LilBudyWizer

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About LilBudyWizer

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  1. I doubt you would ever use any of that as a professional programmer. It's even more doubtful that anyone will hire because you had them. That you have the degree is really the most important thing. A degree actually in computer science is even better. A degree in computer science with a high GPA even better. So take the one's that easiest. It isn't just that it helps you GPA but that none of them are actually easy. Part of what you should be trying to figure out is what are you good at, what you have an aptitude for, what you learn easiest. It isn't taking easy classes, it's pursuing what you excel at.
  2. Turn Object around Point

    You have the position and orientation of the object. The position is a translation and the orientation is a rotation. If the object is orbiting a point then you calculate the position with a rotation, but what you get is a translation vector. If you're rotating the object about a point other than it's origin then then you translate that point to the origin, rotate the object, translate it back. Though there's a translation in there it starts and ends at the same place so it's really just a rotation. Generally people use uniform scaling so that's just a scalar. You keep those seperate. So you can have an object rotating as it orbits a point while growing larger and shrinking back with it all being easy to keep track of. You could combine all that into a single matrices, but some of the cells are going to be equations since time is a factor. That would get all nasty and ugly, but simply a vector the position, a matrix for the orientation and a number for the scale keeps things nice and simple. As your scene gets more complex it helps to break it into a heirarchy. Picture the typical amusement park ride. Oh my God there's stuff going everywhere. These are all orbiting that and the whole group is orbiting this other. If you break it down into a heirachy though each individual piece is simple. That's why you get a standard of view, world and object space. That's generally needed just for a static scene of any reasonable complexity with nothing moving. When things start moving relative to another you start needing to break those object space down into subspaces. You have clown on a golf cart on a cruise ship juggling three balls in the air. If we know where the golf cart is on the cruise ship and where the cruise ship is in the world then we can say where in the world the golf cart is. The position of the golf cart relative to the ship might be somewhat complex relative to the cruise ship, but relative to the world even more so. So you break it down to keep it simple.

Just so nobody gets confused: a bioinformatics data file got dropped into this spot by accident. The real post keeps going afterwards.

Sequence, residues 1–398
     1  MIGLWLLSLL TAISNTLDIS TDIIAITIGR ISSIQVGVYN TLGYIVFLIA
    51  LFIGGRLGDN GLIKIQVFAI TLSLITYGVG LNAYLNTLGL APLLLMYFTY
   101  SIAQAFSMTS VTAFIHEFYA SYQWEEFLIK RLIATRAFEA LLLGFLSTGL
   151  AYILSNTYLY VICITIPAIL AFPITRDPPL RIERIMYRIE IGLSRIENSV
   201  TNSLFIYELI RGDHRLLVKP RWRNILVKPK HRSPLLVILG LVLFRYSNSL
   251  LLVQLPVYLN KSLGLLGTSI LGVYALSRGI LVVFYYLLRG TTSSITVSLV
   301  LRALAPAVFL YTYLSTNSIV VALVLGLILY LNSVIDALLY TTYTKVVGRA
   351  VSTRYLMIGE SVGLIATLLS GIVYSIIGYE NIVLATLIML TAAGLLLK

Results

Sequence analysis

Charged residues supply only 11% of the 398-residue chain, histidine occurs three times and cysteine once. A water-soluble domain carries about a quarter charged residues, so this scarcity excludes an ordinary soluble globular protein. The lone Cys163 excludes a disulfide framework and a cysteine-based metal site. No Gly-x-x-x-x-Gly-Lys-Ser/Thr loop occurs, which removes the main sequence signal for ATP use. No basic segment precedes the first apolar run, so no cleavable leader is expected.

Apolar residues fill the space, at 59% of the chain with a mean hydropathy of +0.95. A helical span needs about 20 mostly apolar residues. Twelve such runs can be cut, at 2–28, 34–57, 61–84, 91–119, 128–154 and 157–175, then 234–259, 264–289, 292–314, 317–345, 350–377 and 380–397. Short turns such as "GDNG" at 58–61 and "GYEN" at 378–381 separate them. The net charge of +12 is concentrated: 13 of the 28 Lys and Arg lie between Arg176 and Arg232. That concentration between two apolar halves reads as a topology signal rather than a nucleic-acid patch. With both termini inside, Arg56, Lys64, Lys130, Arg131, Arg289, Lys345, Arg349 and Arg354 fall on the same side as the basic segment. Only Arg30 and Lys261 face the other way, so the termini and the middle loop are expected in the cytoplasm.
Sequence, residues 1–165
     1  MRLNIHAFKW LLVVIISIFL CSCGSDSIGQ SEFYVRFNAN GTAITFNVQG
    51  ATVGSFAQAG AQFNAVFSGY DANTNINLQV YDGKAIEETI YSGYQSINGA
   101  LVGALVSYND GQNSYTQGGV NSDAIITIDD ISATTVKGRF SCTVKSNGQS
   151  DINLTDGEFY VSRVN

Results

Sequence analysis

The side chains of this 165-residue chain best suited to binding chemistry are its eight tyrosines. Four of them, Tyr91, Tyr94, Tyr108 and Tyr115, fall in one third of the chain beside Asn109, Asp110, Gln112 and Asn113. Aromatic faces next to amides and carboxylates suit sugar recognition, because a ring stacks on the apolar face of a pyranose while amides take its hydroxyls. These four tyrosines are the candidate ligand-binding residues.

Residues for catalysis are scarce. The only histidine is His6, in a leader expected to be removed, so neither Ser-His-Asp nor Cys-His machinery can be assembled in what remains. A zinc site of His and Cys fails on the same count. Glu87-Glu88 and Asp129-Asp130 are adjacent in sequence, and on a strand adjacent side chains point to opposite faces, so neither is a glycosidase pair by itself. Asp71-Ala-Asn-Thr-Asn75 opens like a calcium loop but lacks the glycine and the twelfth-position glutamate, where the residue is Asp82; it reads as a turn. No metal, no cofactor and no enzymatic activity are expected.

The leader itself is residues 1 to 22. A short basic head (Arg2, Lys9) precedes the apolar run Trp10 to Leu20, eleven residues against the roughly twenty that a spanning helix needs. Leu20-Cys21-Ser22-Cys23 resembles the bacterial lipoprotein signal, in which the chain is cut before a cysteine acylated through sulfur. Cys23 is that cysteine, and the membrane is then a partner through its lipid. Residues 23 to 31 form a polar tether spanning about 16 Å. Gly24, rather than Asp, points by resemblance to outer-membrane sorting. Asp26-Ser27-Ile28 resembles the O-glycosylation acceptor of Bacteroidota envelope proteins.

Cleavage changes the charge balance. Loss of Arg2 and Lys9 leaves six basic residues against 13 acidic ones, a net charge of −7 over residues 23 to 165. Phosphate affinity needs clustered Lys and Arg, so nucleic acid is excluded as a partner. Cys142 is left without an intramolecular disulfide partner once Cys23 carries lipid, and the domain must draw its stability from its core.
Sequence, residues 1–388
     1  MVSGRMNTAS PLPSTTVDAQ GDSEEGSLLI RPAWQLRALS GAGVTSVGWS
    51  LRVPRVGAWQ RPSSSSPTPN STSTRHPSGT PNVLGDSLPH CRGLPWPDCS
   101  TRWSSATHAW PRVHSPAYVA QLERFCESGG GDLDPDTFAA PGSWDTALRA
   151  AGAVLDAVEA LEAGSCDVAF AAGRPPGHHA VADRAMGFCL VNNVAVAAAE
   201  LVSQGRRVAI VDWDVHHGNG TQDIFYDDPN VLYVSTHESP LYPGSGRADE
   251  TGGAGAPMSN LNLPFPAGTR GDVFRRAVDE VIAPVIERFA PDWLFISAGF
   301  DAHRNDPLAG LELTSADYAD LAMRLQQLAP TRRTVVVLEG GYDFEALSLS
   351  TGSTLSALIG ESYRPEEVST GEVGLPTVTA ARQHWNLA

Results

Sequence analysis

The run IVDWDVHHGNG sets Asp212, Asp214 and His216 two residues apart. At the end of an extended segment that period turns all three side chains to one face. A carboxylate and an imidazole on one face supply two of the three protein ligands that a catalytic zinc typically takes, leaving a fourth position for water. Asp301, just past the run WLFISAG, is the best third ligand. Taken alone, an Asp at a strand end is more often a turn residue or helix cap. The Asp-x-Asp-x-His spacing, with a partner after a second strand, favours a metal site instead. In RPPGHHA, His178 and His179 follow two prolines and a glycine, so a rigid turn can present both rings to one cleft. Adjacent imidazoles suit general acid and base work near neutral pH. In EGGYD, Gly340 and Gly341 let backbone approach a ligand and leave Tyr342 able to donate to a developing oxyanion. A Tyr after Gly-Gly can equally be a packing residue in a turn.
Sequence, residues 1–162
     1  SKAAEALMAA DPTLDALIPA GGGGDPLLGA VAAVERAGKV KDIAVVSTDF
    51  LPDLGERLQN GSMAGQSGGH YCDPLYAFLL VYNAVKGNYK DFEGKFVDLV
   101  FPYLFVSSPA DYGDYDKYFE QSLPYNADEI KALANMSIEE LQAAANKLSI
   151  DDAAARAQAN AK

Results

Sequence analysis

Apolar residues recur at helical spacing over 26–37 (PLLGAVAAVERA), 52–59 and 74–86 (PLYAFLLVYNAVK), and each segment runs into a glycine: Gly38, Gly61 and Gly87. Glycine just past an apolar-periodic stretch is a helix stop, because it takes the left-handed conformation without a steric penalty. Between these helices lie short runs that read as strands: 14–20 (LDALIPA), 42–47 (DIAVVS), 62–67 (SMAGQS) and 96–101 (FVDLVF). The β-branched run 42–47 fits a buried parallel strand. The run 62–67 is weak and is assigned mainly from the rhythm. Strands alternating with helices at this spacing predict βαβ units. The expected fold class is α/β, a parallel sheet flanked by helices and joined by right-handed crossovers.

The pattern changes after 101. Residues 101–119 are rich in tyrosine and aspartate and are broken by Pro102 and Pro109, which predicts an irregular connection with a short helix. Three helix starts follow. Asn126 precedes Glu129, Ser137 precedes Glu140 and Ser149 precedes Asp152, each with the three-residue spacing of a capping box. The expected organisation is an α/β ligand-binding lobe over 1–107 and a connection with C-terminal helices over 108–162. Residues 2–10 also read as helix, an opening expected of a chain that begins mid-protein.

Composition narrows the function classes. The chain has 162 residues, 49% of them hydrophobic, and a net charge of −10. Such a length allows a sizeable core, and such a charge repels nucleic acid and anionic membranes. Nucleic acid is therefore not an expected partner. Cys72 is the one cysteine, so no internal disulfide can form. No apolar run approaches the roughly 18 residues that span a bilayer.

3. Right Angle of a plane/rectangle